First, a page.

Clogged, dirty filters block normal airflow and reduce a system’s efficiency significantly. With normal airflow obstructed, air that bypasses the filter may carry dirt directly into the evaporator coil and impair the coil’s heat-absorbing capacity. Replacing a dirty, clogged filter with a clean one can lower your air conditioner’s energy consumption by 5% to 15%.
For central air conditioners, filters are generally located somewhere along the return duct’s length. Common filter locations are in walls, ceilings, furnaces, or in the air conditioner itself. Room air conditioners have a filter mounted in the grill that faces into the room.
Some types of filters are reusable; others must be replaced. They are available in a variety of types and efficiencies. Clean or replace your air conditioning system’s filter or filters every month or two during the cooling season. Filters may need more frequent attention if the air conditioner is in constant use, is subjected to dusty conditions, or you have fur-bearing pets in the house.
Make sure that around outdoor air conditioning units and heat pumps there is at least 2 feet of clearance from plants and storage items.
Inspect refrigerant lines leading into the house. Replace insulation if missing or damaged.
The condenser must be level for proper operation. If it is not, then problems with drainage and premature wear and tear will occur. The unit must be level in both orientations, (north/south and east/west). If it is not, adjust the height and level the unit by adjusting the leveling feet, or by shimming the feet with wood shims slightly to achieve level. If the unit is seriously out of level, then repair or replace the pad the unit sets upon, and/or adjust the landscape grade.
To lubricate the fan bearings and clean the condenser on the inside, you must first shut the power off to the unit. Open the disconnect metal electrical box near the unit, then remove the power plug which activates the box or turn off the power with the shutoff handle or remove the fuse plug. Also turn off the power to the unit at the main electrical service panel. Wait a few minutes before proceeding with any further maintenance steps. This will allow any stored electrical charge that may reside with the unit’s capacitor to dissipate.
To access the outside and inside of the condenser coil you must remove the protective side grille. You also need to remove the top panel that protects the fan, motor, and interior of the condensing unit.
To remove the grille, remove the screws holding the side and top panels in place, using a Phillips head, flat-blade screwdriver or socket driver as required and place the screws in a secure area.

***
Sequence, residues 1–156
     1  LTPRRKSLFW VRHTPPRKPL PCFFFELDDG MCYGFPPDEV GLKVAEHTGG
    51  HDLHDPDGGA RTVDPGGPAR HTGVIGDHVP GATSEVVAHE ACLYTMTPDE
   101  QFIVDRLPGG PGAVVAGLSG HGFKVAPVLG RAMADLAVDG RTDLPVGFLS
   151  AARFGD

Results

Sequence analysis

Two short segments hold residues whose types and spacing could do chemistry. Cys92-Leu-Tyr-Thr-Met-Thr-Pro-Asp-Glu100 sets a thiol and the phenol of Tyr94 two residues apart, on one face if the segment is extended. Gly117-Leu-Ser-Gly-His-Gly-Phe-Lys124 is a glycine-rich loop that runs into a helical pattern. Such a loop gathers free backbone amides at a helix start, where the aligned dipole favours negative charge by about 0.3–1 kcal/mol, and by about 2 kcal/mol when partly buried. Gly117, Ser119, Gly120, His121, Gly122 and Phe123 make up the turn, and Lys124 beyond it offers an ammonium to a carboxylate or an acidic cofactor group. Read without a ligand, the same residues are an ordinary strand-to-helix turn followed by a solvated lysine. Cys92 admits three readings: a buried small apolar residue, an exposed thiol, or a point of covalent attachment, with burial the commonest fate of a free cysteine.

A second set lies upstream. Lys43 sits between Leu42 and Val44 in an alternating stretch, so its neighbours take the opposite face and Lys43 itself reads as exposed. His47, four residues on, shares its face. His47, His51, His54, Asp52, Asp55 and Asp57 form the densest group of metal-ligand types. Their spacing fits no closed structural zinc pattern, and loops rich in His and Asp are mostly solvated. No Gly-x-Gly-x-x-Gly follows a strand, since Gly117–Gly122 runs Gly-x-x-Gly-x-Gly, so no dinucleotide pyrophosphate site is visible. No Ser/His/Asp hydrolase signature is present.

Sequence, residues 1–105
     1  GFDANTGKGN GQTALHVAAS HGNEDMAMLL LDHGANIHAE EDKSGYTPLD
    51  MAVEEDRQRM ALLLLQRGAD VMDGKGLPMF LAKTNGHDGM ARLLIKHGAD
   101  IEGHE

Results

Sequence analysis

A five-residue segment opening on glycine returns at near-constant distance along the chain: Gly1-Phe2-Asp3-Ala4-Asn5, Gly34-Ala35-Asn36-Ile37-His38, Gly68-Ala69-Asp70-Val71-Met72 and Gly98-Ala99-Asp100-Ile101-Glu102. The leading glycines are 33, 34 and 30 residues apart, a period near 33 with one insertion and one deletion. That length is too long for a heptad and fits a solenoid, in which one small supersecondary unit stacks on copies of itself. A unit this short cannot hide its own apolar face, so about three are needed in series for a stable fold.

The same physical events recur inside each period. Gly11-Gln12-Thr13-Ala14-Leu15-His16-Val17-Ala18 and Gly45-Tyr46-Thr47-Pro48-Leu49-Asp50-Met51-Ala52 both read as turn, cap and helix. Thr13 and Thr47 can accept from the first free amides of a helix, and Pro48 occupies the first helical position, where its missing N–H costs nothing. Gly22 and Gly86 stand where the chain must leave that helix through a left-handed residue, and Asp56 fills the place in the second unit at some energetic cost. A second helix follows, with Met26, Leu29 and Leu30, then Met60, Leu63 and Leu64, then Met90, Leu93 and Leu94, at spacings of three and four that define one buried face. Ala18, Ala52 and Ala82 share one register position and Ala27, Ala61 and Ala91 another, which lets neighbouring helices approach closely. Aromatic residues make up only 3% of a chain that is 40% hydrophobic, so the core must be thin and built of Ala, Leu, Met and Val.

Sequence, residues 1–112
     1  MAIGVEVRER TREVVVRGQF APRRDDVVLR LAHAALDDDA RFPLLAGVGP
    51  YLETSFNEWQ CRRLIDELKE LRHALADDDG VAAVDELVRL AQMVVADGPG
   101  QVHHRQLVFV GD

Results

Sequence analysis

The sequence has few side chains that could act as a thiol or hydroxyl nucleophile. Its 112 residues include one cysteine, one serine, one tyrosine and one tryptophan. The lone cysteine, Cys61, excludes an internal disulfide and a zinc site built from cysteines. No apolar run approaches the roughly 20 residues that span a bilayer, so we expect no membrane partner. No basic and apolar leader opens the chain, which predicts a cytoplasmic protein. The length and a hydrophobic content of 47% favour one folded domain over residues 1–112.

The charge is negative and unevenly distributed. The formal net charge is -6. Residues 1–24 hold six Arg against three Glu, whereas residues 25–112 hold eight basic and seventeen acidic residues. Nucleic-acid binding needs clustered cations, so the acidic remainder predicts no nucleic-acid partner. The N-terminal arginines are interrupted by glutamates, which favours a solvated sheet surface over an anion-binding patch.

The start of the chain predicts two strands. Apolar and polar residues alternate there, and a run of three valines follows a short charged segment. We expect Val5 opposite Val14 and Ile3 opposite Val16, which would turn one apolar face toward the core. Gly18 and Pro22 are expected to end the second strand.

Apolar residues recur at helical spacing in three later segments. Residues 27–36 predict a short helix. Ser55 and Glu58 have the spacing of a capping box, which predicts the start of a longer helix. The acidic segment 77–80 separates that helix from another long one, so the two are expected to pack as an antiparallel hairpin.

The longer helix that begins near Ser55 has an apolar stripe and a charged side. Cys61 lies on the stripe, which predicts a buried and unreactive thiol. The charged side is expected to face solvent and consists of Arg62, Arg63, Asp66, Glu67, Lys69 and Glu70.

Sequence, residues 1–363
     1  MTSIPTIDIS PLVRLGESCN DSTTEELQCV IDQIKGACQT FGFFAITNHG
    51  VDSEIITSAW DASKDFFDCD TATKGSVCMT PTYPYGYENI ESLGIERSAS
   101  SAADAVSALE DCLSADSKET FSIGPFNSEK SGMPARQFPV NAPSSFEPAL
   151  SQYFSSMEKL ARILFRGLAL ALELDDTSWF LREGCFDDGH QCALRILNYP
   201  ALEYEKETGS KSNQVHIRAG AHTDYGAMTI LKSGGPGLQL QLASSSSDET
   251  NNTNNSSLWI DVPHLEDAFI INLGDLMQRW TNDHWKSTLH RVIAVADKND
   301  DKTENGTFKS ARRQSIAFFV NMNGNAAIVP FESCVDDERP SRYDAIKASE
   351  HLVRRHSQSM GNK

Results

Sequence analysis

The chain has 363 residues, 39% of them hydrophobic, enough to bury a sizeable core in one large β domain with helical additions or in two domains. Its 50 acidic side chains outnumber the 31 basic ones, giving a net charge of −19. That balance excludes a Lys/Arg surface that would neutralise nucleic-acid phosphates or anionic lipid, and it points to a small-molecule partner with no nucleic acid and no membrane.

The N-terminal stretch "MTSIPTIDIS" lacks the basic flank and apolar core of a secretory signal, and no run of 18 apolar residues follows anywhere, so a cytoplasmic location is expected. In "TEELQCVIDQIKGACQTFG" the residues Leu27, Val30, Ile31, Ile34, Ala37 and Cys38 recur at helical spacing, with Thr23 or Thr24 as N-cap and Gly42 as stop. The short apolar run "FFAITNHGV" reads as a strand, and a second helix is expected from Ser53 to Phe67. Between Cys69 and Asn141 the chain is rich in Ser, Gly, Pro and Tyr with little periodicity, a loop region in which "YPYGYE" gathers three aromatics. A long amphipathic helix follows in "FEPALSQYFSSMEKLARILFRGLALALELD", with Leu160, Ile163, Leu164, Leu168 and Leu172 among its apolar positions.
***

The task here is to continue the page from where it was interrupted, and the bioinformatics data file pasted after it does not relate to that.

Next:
With care, pull the side grille away from the unit and lift the top panel which may also support the fan motor. Carefully support the top grille with the motor and fan making sure not to stress the electrical wire connectors.
Locate the fan motor oil ports above the fan blades and place a few drops of lightweight household oil into each port.
Clean dirt, leaves, and other debris from outside the condensing coils. Check the condensing coil fins and fan for damage from wind and hail. Vacuum the outside of the coil fins using a soft bristle brush attachment. You do not want to bend the fins when vacuuming.
Once the outside is relatively cleaned, clean the inside by using a hose with a spray gun, spraying water from inside the coil through to the outside of the coils, which will remove stuck debris. Do not spray fan motor or wires.
Vacuum out or remove by hand any debris littering inside bottom of unit.
If your unit has no bent coil fins, then replace the grille cover. If your unit has bent fins, they should be straightened out as much as possible for proper performance of the unit. Contact Oak View Mechanical to have the fins properly combed straight.
To power the unit back on after it has been shut off more than three hours, proceed by switching the thermostat inside your home to the “off” position. Restore power at the outside electrical disconnect box and service panel. Turn the thermostat to “cool” to power the unit back on.
While these maintenance procedures outlined within are manageable by homeowners, we recommend that they be performed by licensed HVAC contractors, who also run diagnostic tests to ensure that the system is operating optimally.
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